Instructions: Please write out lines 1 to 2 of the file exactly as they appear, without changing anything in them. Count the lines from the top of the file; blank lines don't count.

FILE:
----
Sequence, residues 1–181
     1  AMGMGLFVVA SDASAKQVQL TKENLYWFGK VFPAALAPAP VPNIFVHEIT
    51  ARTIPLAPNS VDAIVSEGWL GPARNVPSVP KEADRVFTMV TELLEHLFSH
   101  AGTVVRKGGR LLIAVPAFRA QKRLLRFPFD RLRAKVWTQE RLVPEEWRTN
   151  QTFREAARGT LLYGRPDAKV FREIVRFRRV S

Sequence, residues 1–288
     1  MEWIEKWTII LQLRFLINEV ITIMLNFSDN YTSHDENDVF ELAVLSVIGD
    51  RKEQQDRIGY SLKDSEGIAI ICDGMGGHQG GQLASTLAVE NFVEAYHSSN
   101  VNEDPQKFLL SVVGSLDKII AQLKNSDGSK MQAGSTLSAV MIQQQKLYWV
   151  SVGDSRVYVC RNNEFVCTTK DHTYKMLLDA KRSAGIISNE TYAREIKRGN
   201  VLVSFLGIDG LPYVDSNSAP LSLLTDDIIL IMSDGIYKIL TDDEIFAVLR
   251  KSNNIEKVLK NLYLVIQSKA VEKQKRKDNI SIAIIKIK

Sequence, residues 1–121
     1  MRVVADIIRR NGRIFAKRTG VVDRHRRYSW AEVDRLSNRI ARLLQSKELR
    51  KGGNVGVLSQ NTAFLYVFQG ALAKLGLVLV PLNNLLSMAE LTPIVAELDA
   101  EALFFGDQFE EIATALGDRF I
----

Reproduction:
Sequence, residues 1–181
     1  AMGMGLFVVA SDASAKQVQL TKENLYWFGK VFPAALAPAP VPNIFVHEIT